Karen E. Robidoux, the Attleboro religious sect member charged with murder in the starvation death of her year-old son, yesterday asked the Superior Court to be tried separately from her husband, Jacques D. Robidoux, who also is charged with murder.
Karen Robidoux also asked for the state to pay for a handwriting expert, to counter a prosecution expert who said Robidoux had disguised her handwriting when giving a court-ordered sample. The sample was to be used to determine whether Robidoux wrote any of several journals the police seized from the sect's home, which prosecutors say detail the starvation of Samuel Robidoux. The boy died April 26, 1999, three days before his first birthday.
Robidoux's requests came in motions filed in Superior Court yesterday, the deadline for pretrial motions in the case. Motions are scheduled to be heard before Judge Elizabeth B. Donovan on March 4. A trial date is also expected to be chosen that day. The hearing will be at 9 a.m. in Norfolk Superior Court in Dedham. Donovan, who is now sitting in Norfolk, has been assigned to handle the sect trial.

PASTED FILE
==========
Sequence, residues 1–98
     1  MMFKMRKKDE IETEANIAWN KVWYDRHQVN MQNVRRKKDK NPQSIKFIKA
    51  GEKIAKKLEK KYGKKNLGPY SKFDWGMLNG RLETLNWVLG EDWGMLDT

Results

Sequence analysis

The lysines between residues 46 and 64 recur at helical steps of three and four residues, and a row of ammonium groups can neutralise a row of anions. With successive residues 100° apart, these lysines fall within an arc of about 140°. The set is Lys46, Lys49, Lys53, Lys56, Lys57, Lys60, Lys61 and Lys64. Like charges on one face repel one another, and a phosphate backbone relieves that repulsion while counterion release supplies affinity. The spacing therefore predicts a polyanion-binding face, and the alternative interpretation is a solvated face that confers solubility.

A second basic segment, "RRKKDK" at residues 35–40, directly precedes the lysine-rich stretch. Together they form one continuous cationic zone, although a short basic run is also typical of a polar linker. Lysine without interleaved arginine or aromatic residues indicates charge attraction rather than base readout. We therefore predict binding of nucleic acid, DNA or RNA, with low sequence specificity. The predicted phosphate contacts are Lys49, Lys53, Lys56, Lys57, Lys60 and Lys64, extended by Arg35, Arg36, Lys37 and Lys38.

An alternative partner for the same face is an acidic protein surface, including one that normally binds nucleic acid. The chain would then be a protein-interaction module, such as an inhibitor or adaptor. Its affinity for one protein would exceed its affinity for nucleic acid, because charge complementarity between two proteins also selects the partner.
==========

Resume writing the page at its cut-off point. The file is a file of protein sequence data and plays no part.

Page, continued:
Prosecutor Walter Shea said yesterday that he had not yet taken a position on Robidoux's motions, but that he probably would oppose the motion for separate trials. He said it would not be appropriate for the district attorney's office to take a position on a defendant's request for money to pay for expert testimony.
Robidoux cites three grounds in seeking a separate trial from her husband.
First, Robidoux says that her defense may be antagonistic to that of her husband.
The lawyer who represented Karen Robidoux immediately after she was indicted 15 months ago told reporters that she had tried to feed her baby -- had even snuck food to him on occasions -- but that her husband prevented her from giving the boy any more.
Her current lawyer has in the past declined to comment on defense strategy and could not be reached yesterday.
Robidoux also says that she anticipates prosecutors will introduce journals that probably were written by her husband, but not by her.
Robidoux also says that separate trials are needed to preserve the rights spouses have in legal proceedings, especially regarding testifying against each other.